Day One back on the Rock

I’m not sure if it is just the extended duration of the trip to get here (never doing a Greyhound coach again!) or the weather, or the weird way in which the pilot said Malta, but I did get teary-eyed as I noted the church of Hal-Luqa (the village my Mum hails from).

I refrained from clapping as we landed, which is a very Maltese thing to do, but could feel the excitement as I rushed out the plane into the warm air, and avoiding the packed escalator, almost jumped down the stairs and into the arms of my man.

The hype has not left me this morning as I woke up to hear birds (not seagulls!) and my sister putting on her make up as she got ready for work! Here are some things I re-discovered the beauty of the simple things in Malta.

1. Going out without a jacket for a 20 minute walk and feeling like you need to hang up to dry. Bliss! In other words the pure bliss of the sun and the heat!

2. Waking up to sounds of tea-making (a serious business)

3. Having Breakfast with the cat in the garden. The beautiful garden with the naspli (loquat) tree!

Naspli

4. Listening to the melodic sound (or not) of Neighbours sharing a greeting in Maltese while cleaning the porch (they cleaned the night before)

5. People stopping by the side of the road because they recognized you and treat you as if you haven’t set foot on the island in decades!

6. Family – so much of it (all 8 phonecalls to relatives complete!)

I will take pictures of my beautiful garden and the beautiful sky and post them later on!

 

 

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‘He that is without sin among you, let him first cast a stone’

This is not a religious blog however I have been pondering for days the current case in Malta of the two young people and their tragic story. I have no right, nor enough information to make judgement on the case, as there is a compilation of evidence which will clearly show the truth, and we should trust the justice system properly. That he was wrong on a number of levels, one cannot deny. But saying more than that is incorrect.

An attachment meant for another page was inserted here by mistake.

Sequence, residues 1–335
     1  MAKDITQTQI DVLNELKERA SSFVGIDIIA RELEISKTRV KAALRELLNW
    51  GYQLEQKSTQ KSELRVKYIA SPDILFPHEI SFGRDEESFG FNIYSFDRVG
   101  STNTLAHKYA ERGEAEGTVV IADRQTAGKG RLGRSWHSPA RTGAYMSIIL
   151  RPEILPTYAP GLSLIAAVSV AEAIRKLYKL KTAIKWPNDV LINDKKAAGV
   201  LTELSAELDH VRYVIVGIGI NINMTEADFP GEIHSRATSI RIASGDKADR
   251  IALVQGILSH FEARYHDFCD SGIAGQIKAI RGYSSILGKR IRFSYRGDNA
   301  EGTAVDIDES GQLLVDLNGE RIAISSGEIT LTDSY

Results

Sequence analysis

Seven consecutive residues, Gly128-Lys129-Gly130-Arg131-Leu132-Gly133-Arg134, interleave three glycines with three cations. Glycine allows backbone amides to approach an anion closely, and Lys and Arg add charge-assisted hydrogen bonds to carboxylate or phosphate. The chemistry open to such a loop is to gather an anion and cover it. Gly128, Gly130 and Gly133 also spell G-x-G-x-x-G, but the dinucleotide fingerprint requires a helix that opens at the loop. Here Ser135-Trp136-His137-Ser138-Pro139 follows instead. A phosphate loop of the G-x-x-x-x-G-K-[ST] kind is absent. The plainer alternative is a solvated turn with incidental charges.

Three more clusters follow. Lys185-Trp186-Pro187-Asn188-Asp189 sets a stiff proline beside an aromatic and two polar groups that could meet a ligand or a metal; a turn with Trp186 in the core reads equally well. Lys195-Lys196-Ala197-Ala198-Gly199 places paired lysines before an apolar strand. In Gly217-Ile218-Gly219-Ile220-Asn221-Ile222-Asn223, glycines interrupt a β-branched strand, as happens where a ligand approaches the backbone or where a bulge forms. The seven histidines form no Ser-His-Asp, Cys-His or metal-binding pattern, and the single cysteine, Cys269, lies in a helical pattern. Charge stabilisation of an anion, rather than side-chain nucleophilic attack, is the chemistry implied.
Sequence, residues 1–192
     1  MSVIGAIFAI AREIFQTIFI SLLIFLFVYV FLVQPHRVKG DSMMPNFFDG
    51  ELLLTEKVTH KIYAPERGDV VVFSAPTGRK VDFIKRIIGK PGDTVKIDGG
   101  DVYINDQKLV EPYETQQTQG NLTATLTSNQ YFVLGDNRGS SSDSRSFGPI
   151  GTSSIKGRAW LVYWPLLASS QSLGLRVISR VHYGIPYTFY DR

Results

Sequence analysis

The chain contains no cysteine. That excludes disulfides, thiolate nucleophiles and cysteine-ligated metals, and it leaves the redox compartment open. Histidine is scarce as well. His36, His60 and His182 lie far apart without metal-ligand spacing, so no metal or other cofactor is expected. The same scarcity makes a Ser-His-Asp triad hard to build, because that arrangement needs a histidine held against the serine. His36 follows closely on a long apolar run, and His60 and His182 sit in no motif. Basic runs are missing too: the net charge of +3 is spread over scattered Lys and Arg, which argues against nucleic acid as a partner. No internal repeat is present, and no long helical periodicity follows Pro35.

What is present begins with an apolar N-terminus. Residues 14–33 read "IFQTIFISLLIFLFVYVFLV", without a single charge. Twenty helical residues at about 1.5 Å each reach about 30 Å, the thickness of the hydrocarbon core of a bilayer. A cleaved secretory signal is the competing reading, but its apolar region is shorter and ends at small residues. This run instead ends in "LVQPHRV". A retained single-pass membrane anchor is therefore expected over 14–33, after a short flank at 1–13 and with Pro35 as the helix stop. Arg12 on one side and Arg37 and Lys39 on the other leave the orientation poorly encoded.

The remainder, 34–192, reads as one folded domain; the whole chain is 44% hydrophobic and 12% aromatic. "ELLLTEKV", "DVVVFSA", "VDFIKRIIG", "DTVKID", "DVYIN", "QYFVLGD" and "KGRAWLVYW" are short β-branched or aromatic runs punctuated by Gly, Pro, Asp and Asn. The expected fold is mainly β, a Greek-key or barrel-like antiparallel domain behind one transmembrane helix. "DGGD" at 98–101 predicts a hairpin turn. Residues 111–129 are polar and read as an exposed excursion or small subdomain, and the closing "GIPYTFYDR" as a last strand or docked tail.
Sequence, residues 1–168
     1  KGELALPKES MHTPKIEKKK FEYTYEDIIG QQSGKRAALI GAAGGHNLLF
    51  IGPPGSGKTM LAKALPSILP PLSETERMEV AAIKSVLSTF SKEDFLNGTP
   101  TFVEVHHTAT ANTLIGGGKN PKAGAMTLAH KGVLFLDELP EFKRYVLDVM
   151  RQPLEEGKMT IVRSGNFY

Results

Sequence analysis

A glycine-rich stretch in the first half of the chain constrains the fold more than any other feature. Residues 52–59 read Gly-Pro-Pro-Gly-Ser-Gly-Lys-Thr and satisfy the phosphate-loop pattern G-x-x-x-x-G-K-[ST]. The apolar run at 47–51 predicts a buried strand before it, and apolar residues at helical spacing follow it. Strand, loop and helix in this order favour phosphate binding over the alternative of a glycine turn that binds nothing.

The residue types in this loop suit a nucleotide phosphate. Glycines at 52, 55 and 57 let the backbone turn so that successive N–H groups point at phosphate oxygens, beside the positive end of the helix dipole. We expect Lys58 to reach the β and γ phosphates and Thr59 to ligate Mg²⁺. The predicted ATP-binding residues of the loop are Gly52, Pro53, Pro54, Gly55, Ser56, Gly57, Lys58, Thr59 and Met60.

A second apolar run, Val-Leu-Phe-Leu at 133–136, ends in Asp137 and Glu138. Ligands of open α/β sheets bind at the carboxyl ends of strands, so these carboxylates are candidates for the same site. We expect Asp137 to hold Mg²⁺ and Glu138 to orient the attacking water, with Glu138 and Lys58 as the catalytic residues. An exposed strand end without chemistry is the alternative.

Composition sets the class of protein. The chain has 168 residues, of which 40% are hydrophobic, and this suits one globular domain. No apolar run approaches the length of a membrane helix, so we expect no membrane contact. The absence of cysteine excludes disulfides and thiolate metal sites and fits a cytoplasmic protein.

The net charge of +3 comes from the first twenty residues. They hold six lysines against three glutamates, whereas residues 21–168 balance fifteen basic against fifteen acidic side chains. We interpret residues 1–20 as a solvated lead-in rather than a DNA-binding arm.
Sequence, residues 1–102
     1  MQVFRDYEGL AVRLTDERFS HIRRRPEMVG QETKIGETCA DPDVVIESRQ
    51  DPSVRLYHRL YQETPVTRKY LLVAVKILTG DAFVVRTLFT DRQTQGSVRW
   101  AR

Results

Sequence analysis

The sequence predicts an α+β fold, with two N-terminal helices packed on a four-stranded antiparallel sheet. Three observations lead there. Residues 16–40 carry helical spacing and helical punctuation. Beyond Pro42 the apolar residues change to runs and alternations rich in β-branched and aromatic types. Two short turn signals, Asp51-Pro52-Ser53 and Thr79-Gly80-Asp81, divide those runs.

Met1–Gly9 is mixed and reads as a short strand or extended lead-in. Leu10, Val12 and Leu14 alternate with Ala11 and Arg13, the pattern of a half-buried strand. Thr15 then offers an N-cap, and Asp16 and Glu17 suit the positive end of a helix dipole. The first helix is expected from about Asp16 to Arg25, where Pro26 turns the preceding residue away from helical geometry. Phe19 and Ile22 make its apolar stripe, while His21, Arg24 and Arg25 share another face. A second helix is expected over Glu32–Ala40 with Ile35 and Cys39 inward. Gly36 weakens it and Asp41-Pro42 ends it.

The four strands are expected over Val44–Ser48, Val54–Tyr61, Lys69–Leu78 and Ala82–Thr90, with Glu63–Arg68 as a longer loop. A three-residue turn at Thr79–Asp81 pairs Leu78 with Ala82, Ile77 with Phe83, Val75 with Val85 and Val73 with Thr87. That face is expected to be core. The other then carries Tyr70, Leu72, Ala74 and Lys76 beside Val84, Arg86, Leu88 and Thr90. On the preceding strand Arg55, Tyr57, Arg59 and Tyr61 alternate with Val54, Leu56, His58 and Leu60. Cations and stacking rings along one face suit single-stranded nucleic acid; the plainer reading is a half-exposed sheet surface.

The reading in the gospel on Monday was the famous adulteress who was about to be stoned before Jesus intervened and said the famous words above. It made me ponder on the amounts of times we threw stones, not thinking twice about what we say and do, and their consequences. We condemn the ‘government’ in Syria, and Putin in Crimea but what battles do we fight in our daily life? How many stones do We throw?

Weren’t those comments on that poor girl’s askfm profile, stones that pushed her to the edge? Weren’t facebook comments and blogs about a clearly depressed young man, vinegar on his already bleeding wounds? What if the stone you threw was not speaking out when you saw something not right? An intimate but indecent relationship? Domestic abuse?

We make statements based on stories we hear on the media, and even though we will hear his side of the story at some point – it has already been tainted by speculation. Speculation which, whether we like it or not, has already tainted the evidence. The questions we should be asking are what we are going to do about self-harming which has increased drastically in the young generation? Do we have guidelines in schools about what to do if a friend is self-harming? Are we going to take action against ask.fm? What about our opinion on young adults of age 15 being left alone for days?

We find it easy to point our finger and call people names when we don’t know them or they don’t know us. We don’t know their story. How do we expect people to understand us, if we are incapable to understanding others? If we are not able to be emphatic? How many stones have you thrown today, hiding behind the veil of the internet, harmless gossip and sensationalism?

If you need help, or need to talk to someone, please do not hesitate! There are people who care about you, people who want to help. If you are Maltese, the support number is 179 or visit kellimni.com for online support. If you are from the UK and need help please click here.